The COVID-19 pandemic made a simple fact painfully clear: Our world is smaller and more connected than ever before, meaning that dangerous viruses and other communicable diseases can travel faster and farther than at any other time in human history. The question isn’t whether a new virus or strain will threaten us. The question is when.
How will society confront such an epic challenge?
Thankfully, a robust and innovative life science community is built on close collaboration among companies, universities, research institutes and all levels of government. It is this very community that has been at the forefront of battling the current pandemic, and it is this community that will lead the charge preparing for the next.
It is unimaginable to think of where we might be today without the biotech industry. A study released in April by Yale University and the Commonwealth Fund had remarkable takeaways: Between December 2020 and March 2022, the U.S. vaccination program averted more than 2.2 million deaths and more than 17 million hospitalizations and saved nearly $900 billion in associated health care costs.
And here in San Diego, biotech companies have played a critical role in the fight against COVID-19. San Diego is home to several of the leading COVID-19 test manufacturers, including Genalyte, Mesa Biotech and Truvian Sciences. Quidel developed the first coronavirus antigen test to receive emergency use authorization, and Helix worked hand-in-hand with San Diego County government to process thousands of samples from testing sites.
In January 2020, scientists used Illumina technology to determine the first genetic sequence of the virus in just a few days — the sort of feat that once took months. Meanwhile, scientists at the San Diego office of Eli Lilly and Co. led the development of the first authorized neutralizing antibody therapy for COVID-19 (which the company found helped reduce the risk of hospitalization and death by up to 70 percent), and Gilead currently leverages a Ligand Pharmaceuticals technology to administer remdesivir, an antiviral medication approved to treat COVID-19 in certain situations. What’s more, The Scripps Research Institute and La Jolla Institute for Immunology are also both developing pan-coronavirus vaccines that could transform the body’s immune response to the virus’s ever-changing mutations and protect people from new COVID-19 variants as well as even future coronaviruses.
As this illustrates, San Diego is one of the hubs of the nation’s life science ecosystem. That fact is also supported by the return this month — for the fifth time in 21 years — of BIO International Convention, one of the largest global events in biotech. BIO 2022 will draw thousands of scientists, entrepreneurs, researchers and journalists from around the world and across the life science landscape to discuss the future of the industry and the ways biotech improves our world and our quality of life.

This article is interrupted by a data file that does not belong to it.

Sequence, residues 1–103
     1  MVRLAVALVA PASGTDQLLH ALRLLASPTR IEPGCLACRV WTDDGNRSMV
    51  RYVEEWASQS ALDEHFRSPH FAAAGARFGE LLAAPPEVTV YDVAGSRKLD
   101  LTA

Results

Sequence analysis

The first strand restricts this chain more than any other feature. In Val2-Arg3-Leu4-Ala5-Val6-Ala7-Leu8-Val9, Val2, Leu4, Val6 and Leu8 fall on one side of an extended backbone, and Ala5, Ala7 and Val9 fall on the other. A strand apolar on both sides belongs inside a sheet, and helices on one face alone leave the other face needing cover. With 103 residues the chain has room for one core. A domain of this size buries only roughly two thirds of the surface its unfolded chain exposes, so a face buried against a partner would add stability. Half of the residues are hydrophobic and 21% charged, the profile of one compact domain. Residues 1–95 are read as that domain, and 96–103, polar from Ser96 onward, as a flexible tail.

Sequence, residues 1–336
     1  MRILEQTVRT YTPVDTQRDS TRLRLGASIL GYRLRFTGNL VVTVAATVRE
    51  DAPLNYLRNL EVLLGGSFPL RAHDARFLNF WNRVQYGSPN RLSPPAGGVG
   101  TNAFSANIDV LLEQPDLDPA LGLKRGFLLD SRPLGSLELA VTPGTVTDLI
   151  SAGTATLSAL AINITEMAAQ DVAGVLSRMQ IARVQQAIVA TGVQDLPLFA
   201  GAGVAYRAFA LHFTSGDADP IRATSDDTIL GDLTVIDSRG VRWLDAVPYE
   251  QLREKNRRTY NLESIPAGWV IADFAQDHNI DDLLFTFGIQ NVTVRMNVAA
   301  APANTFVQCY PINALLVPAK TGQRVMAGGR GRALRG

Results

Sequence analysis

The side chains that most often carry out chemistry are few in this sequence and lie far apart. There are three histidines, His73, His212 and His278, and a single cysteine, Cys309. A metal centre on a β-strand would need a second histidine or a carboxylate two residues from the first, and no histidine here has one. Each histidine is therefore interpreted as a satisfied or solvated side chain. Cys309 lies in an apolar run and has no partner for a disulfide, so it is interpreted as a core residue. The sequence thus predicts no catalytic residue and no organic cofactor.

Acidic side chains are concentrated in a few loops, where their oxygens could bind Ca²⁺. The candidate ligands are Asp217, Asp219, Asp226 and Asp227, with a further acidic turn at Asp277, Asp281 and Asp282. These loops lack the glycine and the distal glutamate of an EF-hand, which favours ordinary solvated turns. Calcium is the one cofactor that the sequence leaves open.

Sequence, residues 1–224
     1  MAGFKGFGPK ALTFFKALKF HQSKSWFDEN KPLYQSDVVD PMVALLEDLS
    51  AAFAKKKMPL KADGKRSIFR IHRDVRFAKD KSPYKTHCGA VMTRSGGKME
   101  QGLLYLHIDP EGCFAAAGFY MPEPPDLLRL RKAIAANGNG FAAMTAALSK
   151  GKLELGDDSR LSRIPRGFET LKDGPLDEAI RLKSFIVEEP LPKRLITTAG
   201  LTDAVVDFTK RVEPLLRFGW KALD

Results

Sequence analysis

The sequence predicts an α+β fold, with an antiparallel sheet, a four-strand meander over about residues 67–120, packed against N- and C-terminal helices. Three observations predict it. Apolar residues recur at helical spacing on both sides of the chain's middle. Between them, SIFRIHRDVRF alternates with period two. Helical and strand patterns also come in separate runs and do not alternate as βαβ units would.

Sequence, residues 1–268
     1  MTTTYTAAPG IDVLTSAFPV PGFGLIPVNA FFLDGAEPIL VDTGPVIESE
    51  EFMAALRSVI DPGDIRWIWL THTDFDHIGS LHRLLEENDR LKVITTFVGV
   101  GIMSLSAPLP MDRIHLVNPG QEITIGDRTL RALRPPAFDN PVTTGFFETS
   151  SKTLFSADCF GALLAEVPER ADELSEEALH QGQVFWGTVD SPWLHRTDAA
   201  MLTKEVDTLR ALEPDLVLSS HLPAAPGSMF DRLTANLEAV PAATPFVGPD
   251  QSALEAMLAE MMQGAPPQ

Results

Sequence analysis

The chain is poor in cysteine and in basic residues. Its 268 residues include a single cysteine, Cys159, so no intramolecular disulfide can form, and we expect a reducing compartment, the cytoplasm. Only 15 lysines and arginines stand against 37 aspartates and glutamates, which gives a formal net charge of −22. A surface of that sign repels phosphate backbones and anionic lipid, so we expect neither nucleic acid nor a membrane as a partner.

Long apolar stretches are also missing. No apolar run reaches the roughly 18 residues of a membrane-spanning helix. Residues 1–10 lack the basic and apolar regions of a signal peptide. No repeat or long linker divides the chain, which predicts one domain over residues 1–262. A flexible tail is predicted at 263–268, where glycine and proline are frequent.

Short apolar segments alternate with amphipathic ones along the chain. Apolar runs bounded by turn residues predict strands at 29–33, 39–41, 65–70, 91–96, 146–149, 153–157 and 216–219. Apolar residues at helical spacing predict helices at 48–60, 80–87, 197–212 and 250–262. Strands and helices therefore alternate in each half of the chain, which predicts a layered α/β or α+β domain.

Attendees will find themselves in a city whose life science community extends across research and manufacturing, medical devices and equipment, and traditional biopharma drug development. Biotech is booming in our region, and it shows no signs of slowing down. According to a recent Biocom California report, San Diego County’s life science industry generated almost $28 billion in gross regional product and employed more than 72,000 people in 2020 — serving as one of the most significant economic drivers in the region. San Diego also received nearly $1.2 billion in funding from the National Institutes of Health, helping fuel research efforts in the region.
Countless academic and research institutions, companies and organizations working on life sciences and biotechnology are woven into the city’s fabric, and the industry prospers because San Diego maintains a collaborative and intensely cooperative business culture. Elected officials support our industry through smart policy making, while a steady flow of venture capital funding and a strong local talent pool ensure that companies of all shapes and sizes can thrive.
With early discovery and decisive actions, society can limit the spread of the next new virus, as it did with SARS-CoV in 2002, H1N1 in 2009 and MERS-CoV in 2012. We have no doubt that San Diego’s life science ecosystem will be at the center of these future efforts. In the meantime, the region will continue its groundbreaking work in shaping the future of human health around the globe.